From increasing services to mitigating risks, the benefits of partnering with CUSOs and other vendors run the gamut, experts say.
However, the dangers credit unions face if they fall asleep at the wheel when it comes to monitoring third-party relationships are similar.
“From a compliance standpoint, the credit union is liable to its members and its regulators for the actions or inactions of the vendors with which it does business,” said Amanda Smith, a partner with Messick & Lauer PC, a Media, Pa.-based law firm that specializes in assisting credit unions and CUSOs.
Lately, CUSO compliance has been on the regulatory radar. In September, NCUA Chairman Debbie Matz said she would ask Congress to grant the agency authority to regulate third-party vendors. A proposed rule that would give the NCUA authority to regulate CUSOs has not yet been finalized, but hasn’t been scrapped by the agency, either.
An Aug. 5 letter penned by Mary Dunn, CUNA senior vice president and deputy general counsel, to NCUA General Counsel Michael McKenna, expressed some concerns about the proposed CUSO rule.
“A new broad rule regarding CUSOs should not be driven by problems a few credit unions have encountered with their CUSOs, particularly when the vast majority of CUSOs are operated in a safe and sound manner, providing much needed services to credit unions and their members,” Dunn said.
Smith offered what she described as a worst case scenario of how a small error by a vendor can cause significant legal issues for a credit union.
A credit union discovers, by way of an examination, that due to a programming error, its vendor had disclosed an understated annual percentage rate on its credit card product for a period of one year, Smith said. As an administrative sanction, the regulator ordered the credit union to reimburse the difference between the disclosed APR and the APR actually charged to members.
“Subsequently, the credit union receives notice that it is being sued in a class action lawsuit for violations of the Truth in Lending Act and other assorted consumer protection laws where it may be subject to punitive damages,” Smith said.
In this hypothetical scenario, the credit union has to expend time and money defending the case, Smith said. Finally, the credit union must seek indemnification from the vendor through a litigious process, subject to any limitation that may be set forth in the contract.
“Although the credit union may have recourse for monetary damages, one thing the credit union cannot seek to recoup from the vendor is the harm suffered to its reputation,” Smith said.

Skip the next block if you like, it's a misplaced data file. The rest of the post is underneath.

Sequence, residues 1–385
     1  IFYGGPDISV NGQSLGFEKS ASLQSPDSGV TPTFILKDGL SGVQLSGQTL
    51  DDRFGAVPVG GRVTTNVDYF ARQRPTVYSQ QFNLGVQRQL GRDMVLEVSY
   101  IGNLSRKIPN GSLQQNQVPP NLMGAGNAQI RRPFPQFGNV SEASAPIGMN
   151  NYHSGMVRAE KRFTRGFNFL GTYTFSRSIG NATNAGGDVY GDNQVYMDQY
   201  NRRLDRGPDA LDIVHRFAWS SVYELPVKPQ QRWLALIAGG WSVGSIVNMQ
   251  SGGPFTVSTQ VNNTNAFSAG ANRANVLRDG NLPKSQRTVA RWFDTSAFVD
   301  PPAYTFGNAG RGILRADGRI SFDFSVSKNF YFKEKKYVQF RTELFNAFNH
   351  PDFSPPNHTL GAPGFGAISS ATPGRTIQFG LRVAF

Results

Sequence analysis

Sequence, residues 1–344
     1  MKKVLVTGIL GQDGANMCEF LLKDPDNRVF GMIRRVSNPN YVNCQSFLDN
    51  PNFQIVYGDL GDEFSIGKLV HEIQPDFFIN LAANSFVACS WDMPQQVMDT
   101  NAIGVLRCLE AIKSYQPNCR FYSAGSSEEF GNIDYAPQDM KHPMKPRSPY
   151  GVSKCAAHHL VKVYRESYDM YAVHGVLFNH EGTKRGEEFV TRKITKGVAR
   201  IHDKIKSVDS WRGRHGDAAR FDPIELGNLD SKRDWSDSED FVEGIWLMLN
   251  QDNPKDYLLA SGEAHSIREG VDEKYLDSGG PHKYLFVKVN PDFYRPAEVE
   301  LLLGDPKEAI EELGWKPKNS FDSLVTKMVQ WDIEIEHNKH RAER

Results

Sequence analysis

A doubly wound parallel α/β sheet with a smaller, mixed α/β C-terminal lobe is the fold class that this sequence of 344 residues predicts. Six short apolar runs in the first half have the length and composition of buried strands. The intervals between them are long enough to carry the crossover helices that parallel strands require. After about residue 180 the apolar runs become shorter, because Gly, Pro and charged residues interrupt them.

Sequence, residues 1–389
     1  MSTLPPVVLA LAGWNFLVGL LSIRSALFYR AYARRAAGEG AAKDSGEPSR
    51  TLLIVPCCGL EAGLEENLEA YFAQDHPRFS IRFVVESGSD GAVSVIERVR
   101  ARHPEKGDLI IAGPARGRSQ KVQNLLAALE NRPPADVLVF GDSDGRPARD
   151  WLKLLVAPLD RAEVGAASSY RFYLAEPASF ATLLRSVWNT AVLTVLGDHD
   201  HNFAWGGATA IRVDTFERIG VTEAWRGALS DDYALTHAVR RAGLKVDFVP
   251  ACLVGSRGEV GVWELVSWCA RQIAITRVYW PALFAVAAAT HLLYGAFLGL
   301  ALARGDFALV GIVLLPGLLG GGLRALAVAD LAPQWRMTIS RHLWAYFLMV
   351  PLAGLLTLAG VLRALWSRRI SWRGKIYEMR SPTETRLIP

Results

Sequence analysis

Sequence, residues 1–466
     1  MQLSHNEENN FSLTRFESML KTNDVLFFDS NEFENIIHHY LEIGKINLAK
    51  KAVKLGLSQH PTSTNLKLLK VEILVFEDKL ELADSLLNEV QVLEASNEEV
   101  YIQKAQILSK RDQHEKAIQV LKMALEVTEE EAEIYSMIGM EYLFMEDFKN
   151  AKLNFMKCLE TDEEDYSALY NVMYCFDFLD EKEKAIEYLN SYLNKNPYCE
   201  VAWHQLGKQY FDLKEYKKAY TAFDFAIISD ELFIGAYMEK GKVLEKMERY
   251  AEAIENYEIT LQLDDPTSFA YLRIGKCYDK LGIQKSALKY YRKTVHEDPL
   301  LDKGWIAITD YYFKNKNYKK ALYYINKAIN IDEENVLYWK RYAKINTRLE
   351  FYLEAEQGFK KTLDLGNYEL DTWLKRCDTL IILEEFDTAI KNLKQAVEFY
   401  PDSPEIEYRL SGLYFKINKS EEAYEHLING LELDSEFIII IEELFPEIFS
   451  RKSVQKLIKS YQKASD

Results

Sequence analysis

Credit unions engage third-party vendors for a variety of reasons, Smith said. Some bring expertise to the table that allows the credit union to offer products and services to its members that it would not otherwise be able to offer. Other vendors provide products and services in a manner that is more cost effective.
“These vendors play a valuable role in the credit union’s business and ability to serve its members; however, although the service may be outsourced, the responsibility and legal liability for regulatory compliance is ultimately the responsibility of the credit union,” Smith said.
One such example of comes under the Truth in Lending Act and Regulation Z, where in general, it is the party extending the credit to the consumer that will be held liable for violations, not the party that actually prepared or distributed the disclosures, Smith noted.
While a properly negotiated contract may provide the credit union with some recourse in the event the vendor violates a law or regulation, Smith said that will not change the fact that the credit union is also in violation of the law or regulation, and will be exposed to potential administrative liability and sanctions as well as civil penalties.
Smith also said turnkey products may be appealing due to convenience, but credit unions must nonetheless ensure compliance.
“Before the vendor even begins to provide products and services, the credit union should become familiar with the products or services and the applicable laws and regulations,” she said. “Inquiry should be made during the due diligence process to confirm compliance with these laws and regulations.”
Smith advised credit unions to designate a person within the credit union to manage third-party vendor relationships and to stay aware of changing regulations. Frequent internal audits also serve to catch violations early and minimize potential damages, she suggested.